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Hitler and Nazi Germany: Origins and Ideology IB History: Authoritarian and Single-Party States.

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Presentation on theme: "Hitler and Nazi Germany: Origins and Ideology IB History: Authoritarian and Single-Party States."— Presentation transcript:

1 Hitler and Nazi Germany: Origins and Ideology IB History: Authoritarian and Single-Party States

2 About the Unit Authoritarian/Single-Party State = A government controlled by a single political party and/or regimes that defend their political or economical control by keeping all of society passive. Authoritarian/Single-Party States developed and operated throughout the 20th Century ( ) and we will study three examples. Hitler and Nazi Germany (Fascism) Mao Zedong and China (Communism) Stalin and the Soviet Union (Communism) We will study these examples through four areas: Origins (how did they begin) Ideology and Nature (what beliefs did they promote) Establishment (how did they get power) Policies and their impact (what they did and the effects)

3 Origins of Hitler and Nazi Germany Germany’s position at the end of WWI gave Hitler and his Nazi Party the opportunity to gain power The Treaty of Versailles, which ended WWI, punished Germany heavily and the ruling government of Germany, called the Weimar Republic, became politically weak because of it. Germany also suffered from an economic depression after France and Belgium annexed some of its territory and the US withdrew loans during its “Great Depression.” Hitler’s Nazi Party thrived on these conditions promoting the restoration of jobs and prosperity, and to end the conditions of the Treaty of Versailles. By 1930 the coalition of political parties that made up the German government, the Weimar Republic, had collapsed, and by 1932 Hitler’s Nazi Party was the largest in Germany. In 1933 President Von Hindenburg appointed Hitler as the Chancellor of Germany, which is the head of the government (Similar to the President of the United States) When the German Parliament building (Reichstag) was burned, legal clauses in Germany’s constitution allowed Hitler gain even more executive powers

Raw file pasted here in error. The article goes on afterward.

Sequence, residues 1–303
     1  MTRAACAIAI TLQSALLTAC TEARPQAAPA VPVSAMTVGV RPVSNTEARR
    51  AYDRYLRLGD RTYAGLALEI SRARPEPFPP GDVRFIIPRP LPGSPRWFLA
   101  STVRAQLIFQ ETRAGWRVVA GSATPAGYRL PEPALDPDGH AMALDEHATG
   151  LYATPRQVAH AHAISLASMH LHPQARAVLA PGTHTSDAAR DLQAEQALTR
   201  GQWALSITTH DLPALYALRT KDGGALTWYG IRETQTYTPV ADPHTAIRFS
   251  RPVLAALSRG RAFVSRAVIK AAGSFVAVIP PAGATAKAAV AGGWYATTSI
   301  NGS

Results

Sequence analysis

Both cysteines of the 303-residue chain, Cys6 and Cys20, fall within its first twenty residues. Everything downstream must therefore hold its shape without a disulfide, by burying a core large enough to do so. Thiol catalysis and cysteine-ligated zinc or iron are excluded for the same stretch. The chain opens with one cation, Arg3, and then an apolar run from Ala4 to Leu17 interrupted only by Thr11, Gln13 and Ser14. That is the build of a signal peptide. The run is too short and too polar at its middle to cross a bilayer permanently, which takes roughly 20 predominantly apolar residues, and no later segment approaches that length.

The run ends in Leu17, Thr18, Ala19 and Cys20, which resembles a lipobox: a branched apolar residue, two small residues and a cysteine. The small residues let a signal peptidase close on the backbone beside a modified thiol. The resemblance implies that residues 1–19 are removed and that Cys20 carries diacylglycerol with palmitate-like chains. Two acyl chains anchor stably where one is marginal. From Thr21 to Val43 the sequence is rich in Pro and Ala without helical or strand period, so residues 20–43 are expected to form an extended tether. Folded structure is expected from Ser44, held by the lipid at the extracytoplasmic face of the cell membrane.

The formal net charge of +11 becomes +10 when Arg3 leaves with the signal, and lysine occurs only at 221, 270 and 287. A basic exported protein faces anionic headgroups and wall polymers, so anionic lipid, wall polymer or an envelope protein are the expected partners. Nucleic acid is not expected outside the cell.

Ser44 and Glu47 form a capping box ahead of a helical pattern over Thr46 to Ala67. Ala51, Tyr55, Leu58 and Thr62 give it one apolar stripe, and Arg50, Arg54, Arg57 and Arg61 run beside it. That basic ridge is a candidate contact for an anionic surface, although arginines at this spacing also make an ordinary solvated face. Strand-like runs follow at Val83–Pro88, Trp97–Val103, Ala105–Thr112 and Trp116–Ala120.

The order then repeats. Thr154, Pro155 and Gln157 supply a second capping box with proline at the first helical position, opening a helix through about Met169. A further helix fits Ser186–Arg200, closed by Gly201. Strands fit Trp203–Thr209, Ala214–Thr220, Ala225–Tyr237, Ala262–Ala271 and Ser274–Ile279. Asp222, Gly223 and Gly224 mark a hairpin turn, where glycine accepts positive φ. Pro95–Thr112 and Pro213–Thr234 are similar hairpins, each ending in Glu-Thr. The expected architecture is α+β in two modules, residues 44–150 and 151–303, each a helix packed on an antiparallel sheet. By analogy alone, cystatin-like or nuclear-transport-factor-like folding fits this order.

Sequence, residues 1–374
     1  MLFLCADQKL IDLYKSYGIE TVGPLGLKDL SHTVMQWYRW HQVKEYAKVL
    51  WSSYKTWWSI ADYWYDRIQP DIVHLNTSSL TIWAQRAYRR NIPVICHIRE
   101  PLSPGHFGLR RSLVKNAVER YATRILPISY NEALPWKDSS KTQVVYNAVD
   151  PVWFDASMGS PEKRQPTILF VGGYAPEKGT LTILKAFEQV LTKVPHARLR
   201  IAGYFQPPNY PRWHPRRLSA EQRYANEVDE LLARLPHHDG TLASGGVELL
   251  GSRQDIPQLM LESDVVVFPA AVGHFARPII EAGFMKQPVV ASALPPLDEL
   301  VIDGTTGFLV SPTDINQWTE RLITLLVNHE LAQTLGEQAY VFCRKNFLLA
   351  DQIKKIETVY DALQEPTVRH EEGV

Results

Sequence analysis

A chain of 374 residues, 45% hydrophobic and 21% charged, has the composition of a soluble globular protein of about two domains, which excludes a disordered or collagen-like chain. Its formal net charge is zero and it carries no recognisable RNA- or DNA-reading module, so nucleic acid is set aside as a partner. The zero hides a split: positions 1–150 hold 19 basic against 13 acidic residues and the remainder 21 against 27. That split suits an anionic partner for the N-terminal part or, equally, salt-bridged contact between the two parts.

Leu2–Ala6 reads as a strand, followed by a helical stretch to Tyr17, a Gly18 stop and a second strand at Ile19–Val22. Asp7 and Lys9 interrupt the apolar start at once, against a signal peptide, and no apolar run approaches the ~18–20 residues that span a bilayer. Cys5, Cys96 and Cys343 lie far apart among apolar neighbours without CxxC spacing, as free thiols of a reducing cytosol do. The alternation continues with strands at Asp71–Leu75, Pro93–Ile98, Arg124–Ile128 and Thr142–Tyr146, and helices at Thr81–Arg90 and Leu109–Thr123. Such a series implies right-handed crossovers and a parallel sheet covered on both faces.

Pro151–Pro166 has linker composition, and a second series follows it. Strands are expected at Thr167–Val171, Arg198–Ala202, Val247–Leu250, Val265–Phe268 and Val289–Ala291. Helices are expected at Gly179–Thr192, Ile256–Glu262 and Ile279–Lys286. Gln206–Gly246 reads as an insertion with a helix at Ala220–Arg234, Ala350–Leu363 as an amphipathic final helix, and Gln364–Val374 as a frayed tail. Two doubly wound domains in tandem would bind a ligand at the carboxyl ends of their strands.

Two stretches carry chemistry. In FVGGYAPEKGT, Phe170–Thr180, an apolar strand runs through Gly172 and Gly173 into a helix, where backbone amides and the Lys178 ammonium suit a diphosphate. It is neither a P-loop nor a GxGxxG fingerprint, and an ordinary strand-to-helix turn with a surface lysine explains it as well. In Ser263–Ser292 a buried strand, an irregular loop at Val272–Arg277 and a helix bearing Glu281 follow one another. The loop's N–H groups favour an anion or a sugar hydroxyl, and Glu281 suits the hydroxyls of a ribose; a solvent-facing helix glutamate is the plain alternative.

4 Adolf HitlerNazi Party Flag Nazi Party Logo Reichstag Fire Treaty of VersaillesWeimar Republic Flag

5 Ideology and Nature of Hilter’s Nazi Germany Hitler’s Nazi ideology was a combination of existing social beliefs combined with German nationalism (pride for the German nation) Hitler and the Nazi’s promoted a range of policies such as racialism (white racial superiority), anti-semitism (anti-jewish), anti-communism, anti-feminism, social- Darwinism (survival of the fittest), preparedness for war, need to expand territory, and a cult surrounding leaders--all of which were ideas that existed in the 19th century ( ) well before Hitler’s leadership Hitler and the Nazi’s also promoted German Nationalism (pride in the German nation) and were able to gain popularity because of the discontent of German people following WWI. Starting in 1920 and continuing into the 1930’s Hitler and the Nazi’s outlined a 25-point program for Germany based on the combination of these beliefs and German nationalism, and was adapted to justify the government’s actions in any circumstance, including policies that made little sense like the elimination of the Jewish Race.

6 Hitler’s Book on Political Theory Nazi Party Propaganda Hitler Youth Movement Hitler’s Salute

7 Summary The Origins of Hitler’s Nazi Party comes from the poor political and economic conditions of Germany following WWI, which allowed he and his party to become popular Hitler’s Nazi Party used a range of discriminatory ideologies combined with German Nationalism to persuade discontent Germans to follow.


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